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I heard here that Delphi produces self-contained executables without the need for DLL's. Can I do this with VC++? Produce my app in one single executable?

If not in VC++, is there any other C++ compiler for Windows that does this?

RP
Tuesday, April 27, 2004

I'm not 100% sure, but as a guess Borland C++ Builder would compile into a single executable as well.

PDF
Tuesday, April 27, 2004

Yes, any C++ compiler allows you to create self-contained executables.

Paulo Caetano
Tuesday, April 27, 2004

>>"Yes, any C++ compiler allows you to create self-contained executables."

Then why is it that every program I see that is written in C++ contains a massive mess of DLLs?

Programmer stupidity?

My Cousin Vinniwashtharam
Tuesday, April 27, 2004

Yes, e.g. this program was written in VC++ http://www.jacksondj.com/downloads.html

"Installing Jackson is easy: you don't. Just unzip the downloaded file somewhere (like on your desktop) and double-click on the executable."

Personally I would prefer every program to use the standard installer, with entry into the add-remove programs etc. With these standalone .exe's you never know the uninstall routine and you get left with junk in the registry etc.

Just me (Sir to you)
Tuesday, April 27, 2004

"Then why is it that every program I see that is written in C++ contains a massive mess of DLLs?"

The framwork code (e.g. MFC and CRT) can be very large. Including it in the binary means you get a separate copy of it for every application that needs it. It's more efficient to have one copy of it in a central place that can then be used by anyone.

SteveM
Tuesday, April 27, 2004

Alas the dll hell...

Marc
Tuesday, April 27, 2004

"It's more efficient to have one copy of it in a central place that can then be used by anyone."

That sounds so nice in theory.

Jan Derk
Tuesday, April 27, 2004

"Then why is it that every program I see that is written in C++ contains a massive mess of DLLs?

Programmer stupidity?"

Probably dynamic linking, i.e., you're not linking statically.

Depending on my choice, Delphi can also require that I distribute its libraries with the .EXE (they're basically DLLs, despite their .BPL (I think) extension).

Sometimes, you don't have a choice. If you use a library, and its developer only gives you a DLL, there's not much you can do.

BTW, "programmer ignorance" sounds a lot better than "programmer stupidity", and describes the problem more accurately. E.g., the first time someone mentioned "Delphi's runtime", I jumped on his throat, asserting beyond any doubt that Delphi didn't have a runtime. A few days later, I swallowed those words, and became a little less ignorant :)

Paulo Caetano
Tuesday, April 27, 2004

"Probably dynamic linking, i.e., you're not linking statically."

Sorry, should be "they're not linking statically".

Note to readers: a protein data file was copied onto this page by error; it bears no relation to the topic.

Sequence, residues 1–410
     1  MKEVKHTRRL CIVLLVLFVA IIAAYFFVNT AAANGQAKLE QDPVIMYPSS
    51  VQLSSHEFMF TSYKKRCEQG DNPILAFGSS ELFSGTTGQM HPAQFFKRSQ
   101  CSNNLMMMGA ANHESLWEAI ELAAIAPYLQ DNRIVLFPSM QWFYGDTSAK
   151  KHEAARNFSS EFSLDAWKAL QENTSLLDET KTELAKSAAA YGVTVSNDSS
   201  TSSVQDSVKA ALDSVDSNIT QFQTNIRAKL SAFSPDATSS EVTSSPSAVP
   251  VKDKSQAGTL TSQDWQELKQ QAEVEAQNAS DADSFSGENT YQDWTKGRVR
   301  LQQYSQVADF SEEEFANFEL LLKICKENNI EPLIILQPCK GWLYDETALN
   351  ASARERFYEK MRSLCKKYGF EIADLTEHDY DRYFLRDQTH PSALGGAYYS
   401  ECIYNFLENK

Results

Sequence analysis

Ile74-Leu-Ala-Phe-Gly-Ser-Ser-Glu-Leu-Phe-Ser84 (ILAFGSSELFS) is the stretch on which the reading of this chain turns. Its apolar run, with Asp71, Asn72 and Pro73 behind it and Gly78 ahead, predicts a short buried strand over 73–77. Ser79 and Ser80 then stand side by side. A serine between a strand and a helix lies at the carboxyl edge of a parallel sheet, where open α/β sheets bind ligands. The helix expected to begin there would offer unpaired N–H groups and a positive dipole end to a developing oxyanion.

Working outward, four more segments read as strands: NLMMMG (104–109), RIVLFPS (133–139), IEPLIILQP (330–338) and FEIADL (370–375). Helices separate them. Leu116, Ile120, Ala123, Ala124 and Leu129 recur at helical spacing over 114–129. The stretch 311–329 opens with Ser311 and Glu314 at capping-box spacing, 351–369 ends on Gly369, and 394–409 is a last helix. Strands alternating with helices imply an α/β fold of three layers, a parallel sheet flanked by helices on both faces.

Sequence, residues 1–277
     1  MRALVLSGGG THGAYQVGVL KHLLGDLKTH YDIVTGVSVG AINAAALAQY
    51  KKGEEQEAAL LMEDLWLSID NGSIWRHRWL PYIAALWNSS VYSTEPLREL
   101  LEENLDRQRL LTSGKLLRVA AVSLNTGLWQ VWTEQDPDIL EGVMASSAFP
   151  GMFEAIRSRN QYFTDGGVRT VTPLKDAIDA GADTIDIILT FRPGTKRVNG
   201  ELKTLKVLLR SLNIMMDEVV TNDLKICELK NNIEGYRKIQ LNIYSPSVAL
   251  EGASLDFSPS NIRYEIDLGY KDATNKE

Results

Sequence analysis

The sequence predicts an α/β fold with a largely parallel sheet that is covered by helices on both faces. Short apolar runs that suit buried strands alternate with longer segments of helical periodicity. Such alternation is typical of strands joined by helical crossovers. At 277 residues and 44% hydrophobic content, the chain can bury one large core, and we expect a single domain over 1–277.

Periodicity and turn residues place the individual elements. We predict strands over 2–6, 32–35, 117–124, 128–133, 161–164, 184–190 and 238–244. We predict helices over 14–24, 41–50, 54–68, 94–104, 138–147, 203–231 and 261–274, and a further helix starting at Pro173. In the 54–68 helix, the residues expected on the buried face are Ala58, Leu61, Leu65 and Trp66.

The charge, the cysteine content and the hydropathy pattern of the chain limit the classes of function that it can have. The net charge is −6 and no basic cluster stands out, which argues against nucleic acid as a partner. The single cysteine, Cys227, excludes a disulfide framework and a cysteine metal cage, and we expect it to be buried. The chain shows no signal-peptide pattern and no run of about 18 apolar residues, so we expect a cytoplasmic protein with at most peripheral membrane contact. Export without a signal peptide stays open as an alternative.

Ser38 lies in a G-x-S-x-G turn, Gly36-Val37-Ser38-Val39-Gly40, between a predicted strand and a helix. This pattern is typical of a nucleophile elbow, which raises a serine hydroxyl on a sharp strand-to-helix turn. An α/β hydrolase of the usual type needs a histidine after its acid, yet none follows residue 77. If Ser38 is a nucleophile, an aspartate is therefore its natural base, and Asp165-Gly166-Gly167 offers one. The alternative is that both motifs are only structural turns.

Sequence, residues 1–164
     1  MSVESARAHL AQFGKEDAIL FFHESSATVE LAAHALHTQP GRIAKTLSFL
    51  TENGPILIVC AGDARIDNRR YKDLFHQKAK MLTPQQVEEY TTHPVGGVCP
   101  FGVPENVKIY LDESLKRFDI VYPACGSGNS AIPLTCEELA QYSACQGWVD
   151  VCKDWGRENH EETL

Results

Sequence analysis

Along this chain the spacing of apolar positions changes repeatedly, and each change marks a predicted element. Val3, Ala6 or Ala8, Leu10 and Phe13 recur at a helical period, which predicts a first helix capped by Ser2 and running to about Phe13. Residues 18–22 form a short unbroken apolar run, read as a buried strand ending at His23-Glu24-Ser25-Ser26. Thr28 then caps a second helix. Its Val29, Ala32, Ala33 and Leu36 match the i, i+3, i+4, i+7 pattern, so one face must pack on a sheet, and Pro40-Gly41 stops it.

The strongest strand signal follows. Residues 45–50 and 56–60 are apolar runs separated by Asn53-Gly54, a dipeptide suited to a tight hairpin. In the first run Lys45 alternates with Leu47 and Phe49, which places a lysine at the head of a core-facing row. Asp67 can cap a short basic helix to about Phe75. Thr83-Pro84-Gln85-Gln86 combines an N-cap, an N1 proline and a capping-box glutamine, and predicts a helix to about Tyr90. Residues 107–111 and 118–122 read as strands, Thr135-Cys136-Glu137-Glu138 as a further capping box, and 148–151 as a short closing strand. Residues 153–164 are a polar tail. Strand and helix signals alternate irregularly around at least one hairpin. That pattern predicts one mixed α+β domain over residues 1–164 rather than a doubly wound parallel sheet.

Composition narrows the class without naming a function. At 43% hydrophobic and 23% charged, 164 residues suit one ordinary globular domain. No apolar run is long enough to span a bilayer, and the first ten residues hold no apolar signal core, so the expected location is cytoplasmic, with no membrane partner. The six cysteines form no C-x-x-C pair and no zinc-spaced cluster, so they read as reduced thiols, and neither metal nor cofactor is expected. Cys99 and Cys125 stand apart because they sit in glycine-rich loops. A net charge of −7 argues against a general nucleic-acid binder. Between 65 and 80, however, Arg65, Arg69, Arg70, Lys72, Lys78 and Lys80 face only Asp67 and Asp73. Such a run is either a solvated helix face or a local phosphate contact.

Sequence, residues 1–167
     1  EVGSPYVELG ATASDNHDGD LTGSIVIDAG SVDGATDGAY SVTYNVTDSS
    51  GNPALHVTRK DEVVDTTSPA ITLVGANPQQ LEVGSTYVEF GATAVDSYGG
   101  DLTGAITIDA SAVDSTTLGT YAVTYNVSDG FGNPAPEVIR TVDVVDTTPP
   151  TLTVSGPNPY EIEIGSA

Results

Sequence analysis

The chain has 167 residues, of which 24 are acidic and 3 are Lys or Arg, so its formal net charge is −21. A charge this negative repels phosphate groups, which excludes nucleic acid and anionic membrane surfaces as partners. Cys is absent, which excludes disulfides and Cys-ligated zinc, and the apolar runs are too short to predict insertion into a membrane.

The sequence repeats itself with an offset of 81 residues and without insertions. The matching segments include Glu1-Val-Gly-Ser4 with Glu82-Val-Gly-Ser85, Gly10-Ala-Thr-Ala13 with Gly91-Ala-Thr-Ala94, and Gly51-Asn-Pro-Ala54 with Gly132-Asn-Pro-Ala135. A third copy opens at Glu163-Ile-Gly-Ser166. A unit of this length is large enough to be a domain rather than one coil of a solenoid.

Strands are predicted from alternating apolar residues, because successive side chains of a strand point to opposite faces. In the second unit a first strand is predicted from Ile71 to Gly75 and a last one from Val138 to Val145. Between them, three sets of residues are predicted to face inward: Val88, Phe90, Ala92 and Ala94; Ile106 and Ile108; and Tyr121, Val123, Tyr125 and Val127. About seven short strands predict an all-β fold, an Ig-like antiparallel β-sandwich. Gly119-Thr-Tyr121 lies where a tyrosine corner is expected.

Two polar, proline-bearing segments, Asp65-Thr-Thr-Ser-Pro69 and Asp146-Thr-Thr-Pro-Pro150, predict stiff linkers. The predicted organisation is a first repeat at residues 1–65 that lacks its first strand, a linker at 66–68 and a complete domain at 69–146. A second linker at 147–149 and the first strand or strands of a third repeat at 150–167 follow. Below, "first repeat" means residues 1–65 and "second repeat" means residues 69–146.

Paulo Caetano
Tuesday, April 27, 2004

>>"The framwork code (e.g. MFC and CRT) can be very large. Including it in the binary means you get a separate copy of it for every application that needs it."

No....I mean DLLs that are specific to one program and not used by any others.

My Cousin Vinniwashtharam
Tuesday, April 27, 2004

"DLL hell" is not a problem with DLL's but how they are managed.

In many cases, the "hell" results from different versions of DLL's with incompatible interfaces or behavior that had the same name. This is a mistake: for DLL's and static libraries.

People (including MSFT) should have given the DLL's different names.

njkayaker
Tuesday, April 27, 2004

The DLL hell, with all their different versions with incompatibilities have led companies to install their specific MFC DLL in the application directory. Lately I downloaded a littl application that searched for duplicated files (based on file hash), and I came to the conclusion that this has cost me over 1 Gb on my disk...

so for for a nice solution

Mark Tetrode
Tuesday, April 27, 2004

I think VC++ can produce self-contained EXEs only if the libraries that you want to link to are static libraries. E.g. all the MFC libraries are available as normal libraries as well as static libraries. In the Project Settings, you can control whether you want to use MFC as Static Library or as Shared DLL. If you choose Static Library, all the relevant functions are brought into the EXE itself thereby increasing the size of the EXE but removing run time dependencies.

If you are creating your own library, you can choose whether to create a static library or a normal (shared) library. If you create a static library, on building the project, only a LIB file will be produced. No corresponding DLL files are produced. And the client modules do not have any option. If they use your LIB file, during linking, the functions are included in the EXE itself (again increasing the size of the EXE bug removing any DLL dependencies).

T-90
Tuesday, April 27, 2004

"No....I mean DLLs that are specific to one program and not used by any others."

The only reason for this I can think of is to aid deployment. If you fix a bug or improve a feature you just need to upgrade a single DLL instead of the full system.  A customer doesn't want to pay for a specific feature, you just don't give them that DLL.

Easy.

Hahahaha.

SteveM
Tuesday, April 27, 2004

Programs often ship with what appears to be a DLL unique to that application because the programmer only has a dynamic library available.  Dynamic libraries are much easier to distribute than static libraries, since most development environments ship with a way to import  DLLs.  Static libraries are typically incompatible between compilers.

Clay Dowling
Tuesday, April 27, 2004

DLLs also provide a mechanism to ensure that your different modules are truly self-contained, and that no compilation dependencies are introduced.

Gustavo W
Tuesday, April 27, 2004

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